Saturday, 24 March 2012

Now, the hour has come

John 12:20-33 

Among those who went up to worship at the festival were some Greeks. These approached Philip, who came from Bethsaida in Galilee, and put this request to him, ‘Sir, we should like to see Jesus.’ Philip went to tell Andrew, and Andrew and Philip together went to tell Jesus. Jesus replied to them:
‘Now the hour has come
for the Son of Man to be glorified.
I tell you, most solemnly,
unless a wheat grain falls on the ground and dies,
it remains only a single grain;
but if it dies,
it yields a rich harvest.
Anyone who loves his life loses it;
anyone who hates his life in this world
will keep it for the eternal life.
If a man serves me, he must follow me,
wherever I am, my servant will be there too.
If anyone serves me, my Father will honour him.
Now my soul is troubled.
What shall I say:
Father, save me from this hour?
But it was for this very reason that I have come to this hour.
Father, glorify your name!’
A voice came from heaven, ‘I have glorified it, and I will glorify it again.’ People standing by, who heard this, said it was a clap of thunder; others said, ‘It was an angel speaking to him.’ Jesus answered, ‘It was not for my sake that this voice came, but for yours.
‘Now sentence is being passed on this world;
now the prince of this world is to be overthrown.
And when I am lifted up from the earth,
I shall draw all men to myself.’
By these words he indicated the kind of death he would die.

God has entrusted me with myself.  ~Epictetus

A prophetic and poignant Gospel of the most mysterious and fearful of transformations - death. 

There are many comments regarding life and death; comments that seem appropriate and realistic whilst life is having the upper hand but cliched and  cold when Death steps out of the shadows.

These very comments of Jesus - likening human life to a plant's seed would seem cynical if we didn't know that he knew the fate that is awaiting him. 

It is a challenge to see yourself as the work of the Sower; no more than a ear of grain, the produce of one spring and one summer. To be rooted in the earth and yet reaching towards the sun. To know your own struggles through storms and frost and bask in the joys of warm winds and gentle sunshine. Then to face the inevitability of the Reaper as the days begin to shorten.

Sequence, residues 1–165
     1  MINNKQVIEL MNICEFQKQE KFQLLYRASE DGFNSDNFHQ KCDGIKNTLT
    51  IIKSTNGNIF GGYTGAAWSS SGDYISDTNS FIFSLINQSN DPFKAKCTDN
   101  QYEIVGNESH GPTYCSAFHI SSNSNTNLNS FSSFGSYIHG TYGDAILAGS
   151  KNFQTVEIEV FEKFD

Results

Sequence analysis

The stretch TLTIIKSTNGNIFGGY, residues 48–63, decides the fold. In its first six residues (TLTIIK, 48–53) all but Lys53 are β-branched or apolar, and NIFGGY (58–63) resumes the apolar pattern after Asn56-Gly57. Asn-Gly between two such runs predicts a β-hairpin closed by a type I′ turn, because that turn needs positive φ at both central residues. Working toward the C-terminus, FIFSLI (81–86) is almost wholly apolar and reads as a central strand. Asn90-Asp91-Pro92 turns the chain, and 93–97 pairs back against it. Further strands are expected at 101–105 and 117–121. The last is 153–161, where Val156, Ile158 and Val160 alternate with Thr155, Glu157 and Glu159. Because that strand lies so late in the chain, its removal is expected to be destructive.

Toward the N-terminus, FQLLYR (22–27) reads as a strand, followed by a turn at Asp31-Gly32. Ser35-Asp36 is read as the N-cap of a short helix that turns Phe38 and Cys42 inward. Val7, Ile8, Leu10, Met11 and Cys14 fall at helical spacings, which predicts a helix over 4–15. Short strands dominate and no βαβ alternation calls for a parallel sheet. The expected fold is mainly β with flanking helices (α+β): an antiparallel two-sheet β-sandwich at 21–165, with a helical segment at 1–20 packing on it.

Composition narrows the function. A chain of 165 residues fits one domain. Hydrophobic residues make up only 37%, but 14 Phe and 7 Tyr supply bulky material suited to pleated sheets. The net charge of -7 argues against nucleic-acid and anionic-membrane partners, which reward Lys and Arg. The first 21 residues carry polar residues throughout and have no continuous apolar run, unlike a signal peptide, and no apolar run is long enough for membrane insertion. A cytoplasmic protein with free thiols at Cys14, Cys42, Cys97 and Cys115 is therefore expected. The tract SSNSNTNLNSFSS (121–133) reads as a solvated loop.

In this country the clocks go forward today into British Summer Time - an hour lost in our hurry towards the lengthening days. How often we throw such hours aways in boredom, procrastination and impatience? How much we claim mindfulness and stillness for our spiritual practices but live out our daily lives in the scurrying between here and there? 

How much we worry about the meaning of life and divert ourselves from the meaning of our death. 

Jesus knows that his death, as painful as it will be will take him into glory; will take him to his Father; and that through it the world will be changed, yet, despite all the promises he makes us; we share more readily in his fears. 

Maybe, for us, it is better after all that we concentrate on how we live. That our lives will involve more than being busy; being successful; being comfortable. Particularly, that our lives will not be self-centred; about us and our needs. 

Then, what is left after we have gone will be glorious -  the inspiration we have given others; the friends we didn't know we had; the good example we didn't realise we were setting; the hospitality we don't remember; the kind words we have forgotten. 

The true harvest of our lives.

Care less for your harvest than for how it is shared and your life will have meaning and your heart will have peace. 
Kent Nerburn 



claire said...

Maybe, just maybe, Jesus was not sure that his death would lead him into glory. Maybe it was just an inner certainty that all the signs he had received led him to such an end. And he trusted the signs. But he may well have remained in complete darkness from the moment he started on that path. Just holding onto that trust in the One who had sent him...

As usual, a most inspiring post, Word. Thank you.

Word in the Hand said...

As you say Claire, sometimes we see the signs and carry on regardless. Jesus teaches us to trust through his fear and his fearlessness,

sattler said...

This is wonderful. I read it through four or five times. How hard it is to quantify the significance of a life. Those words, acts of hospitality, gestures, works of mercy. We look through a keyhole at their impact. Very rarely we get a glimpse. I remember years ago visiting a church where a couple spoke to me after the service. They told me they had fostered in response to a sermon I preached on hospitality. I hardly knew what to say but so much appreciated the encouragement.

Philomena Ewing said...

Great thoughts here. I think too of of people who never get any confirmation or consolation but nevertheless plod on regardless.
I think of the contemplative monks and nuns and any workers who slog at thankless tasks but who somehow manage to radiate joy.